Okay, here comes the tougher part! Or as we say in Hungarian: here comes the black soup (which refers to coffee, and to 16th century history but maybe you don’t really want that story right now). That is to say, now we’ll do a slightly more advanced pattern drafting maneuver to get the 1939-style sleeve.
To begin, this time we’ll need to mark the actual seam line on the pattern piece, and cut off the seam allowance. Next, divide the sleeve into several (let’s say, 7) equally wide sections. The sections at the underarm seam can of course be wider than the others. Draw lines to mark the sections and cut the sleeve pattern piece apart.
Number the sections so you know which one goes where. Take a large sheet of paper, and tape down the center section. Arrange the other sections of the sleeve so you create a higher and fuller sleeve cap, and a smaller, concave, curved sleeve hem. The corners of the sections will move away from each other at the top. By how much is entirely a matter of preference – 1/5″ or 1 cm distance is a good one to start with, see if you like it and try less or more if you prefer a different look to your sleeve. The larger the distance, the more gathers and fullness you will have at the top of the sleeve. (Yes, there is tons of muslin-making involved, luckily it’s quite quick to make a sleeve muslin and it also doesn’t require a lot of fabric.) The bottom corners of the sections will overlap.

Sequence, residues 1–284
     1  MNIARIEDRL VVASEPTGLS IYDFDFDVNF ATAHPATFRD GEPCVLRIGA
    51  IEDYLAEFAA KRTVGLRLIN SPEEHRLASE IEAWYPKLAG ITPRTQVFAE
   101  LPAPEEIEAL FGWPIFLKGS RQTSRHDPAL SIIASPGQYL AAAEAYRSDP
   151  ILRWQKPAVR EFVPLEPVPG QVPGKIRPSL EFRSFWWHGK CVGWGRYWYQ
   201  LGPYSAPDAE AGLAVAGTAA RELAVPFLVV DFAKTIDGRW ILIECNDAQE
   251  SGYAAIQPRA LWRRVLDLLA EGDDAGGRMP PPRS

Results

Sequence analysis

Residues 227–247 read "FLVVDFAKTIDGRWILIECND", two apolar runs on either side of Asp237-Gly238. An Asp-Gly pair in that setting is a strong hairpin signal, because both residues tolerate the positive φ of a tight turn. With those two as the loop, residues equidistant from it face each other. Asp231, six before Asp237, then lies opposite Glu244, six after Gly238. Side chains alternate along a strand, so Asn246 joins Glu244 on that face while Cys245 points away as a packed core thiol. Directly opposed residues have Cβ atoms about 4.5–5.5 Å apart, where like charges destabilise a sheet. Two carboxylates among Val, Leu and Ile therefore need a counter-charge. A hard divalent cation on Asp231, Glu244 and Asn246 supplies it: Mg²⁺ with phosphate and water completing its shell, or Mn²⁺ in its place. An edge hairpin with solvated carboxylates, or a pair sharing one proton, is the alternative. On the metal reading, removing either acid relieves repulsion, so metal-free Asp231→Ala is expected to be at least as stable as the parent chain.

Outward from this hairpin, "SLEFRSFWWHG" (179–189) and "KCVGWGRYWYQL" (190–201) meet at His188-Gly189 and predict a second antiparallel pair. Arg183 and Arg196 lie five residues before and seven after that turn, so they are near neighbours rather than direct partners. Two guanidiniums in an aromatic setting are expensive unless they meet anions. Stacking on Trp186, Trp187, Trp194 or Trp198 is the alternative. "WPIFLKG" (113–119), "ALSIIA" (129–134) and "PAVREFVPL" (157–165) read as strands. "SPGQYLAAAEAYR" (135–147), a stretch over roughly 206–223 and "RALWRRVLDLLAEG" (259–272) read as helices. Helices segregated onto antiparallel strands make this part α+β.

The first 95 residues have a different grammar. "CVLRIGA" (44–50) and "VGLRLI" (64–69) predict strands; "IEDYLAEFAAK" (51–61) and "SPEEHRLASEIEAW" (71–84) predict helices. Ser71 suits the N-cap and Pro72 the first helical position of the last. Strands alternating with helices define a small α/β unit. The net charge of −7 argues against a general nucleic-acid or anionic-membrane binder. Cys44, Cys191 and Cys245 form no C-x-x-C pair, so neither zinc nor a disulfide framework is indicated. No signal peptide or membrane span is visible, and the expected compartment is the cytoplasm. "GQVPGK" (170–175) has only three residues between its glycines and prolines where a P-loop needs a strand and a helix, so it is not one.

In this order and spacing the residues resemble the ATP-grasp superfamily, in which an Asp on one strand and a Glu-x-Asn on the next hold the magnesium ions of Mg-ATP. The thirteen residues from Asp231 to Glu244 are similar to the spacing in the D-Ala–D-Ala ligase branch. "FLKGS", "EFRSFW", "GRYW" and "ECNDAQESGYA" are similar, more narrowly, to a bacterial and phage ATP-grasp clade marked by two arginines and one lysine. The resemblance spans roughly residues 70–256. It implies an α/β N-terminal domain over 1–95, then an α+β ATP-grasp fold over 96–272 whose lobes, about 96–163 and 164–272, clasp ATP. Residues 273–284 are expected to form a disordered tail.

Make sure the gaps between the sections are even at the top, and that they overlap evenly at the bottom. Also make sure the bottom edge of the sleeve doesn’t become shorter than your upper arm circumference and a little bit of ease. How much ease is a matter of preference and what you find comfortable, you can do the same thing we did before and add 1-1.5 cm or about 1/2″ ease.
Secure all sections of the sleeve with tape, and trace a new outline, using a French curve (though you can also freehand it, if your hand is steady enough). Add a little bit of fullness at the top to help create a smooth outline. Also smooth out the bottom edge of the new sleeve pattern piece.
Tape the repositioned sleeve sections to sheet of paper, then smooth out the edges using a French curve ruler.
Just a few more steps left before we are done. Trace the new sleeve pattern piece onto a clean sheet of paper, and transfer the notches from the original sleeve cap, making sure the notches on the new sleeve cap are the same distance from the underarm seam as the notches on the old sleeve cap. Finally, add seam allowance, and copy the notches to the edge of the seam allowance.
All done! (And now I think I’ll go sew (yet) another Giselle dress.)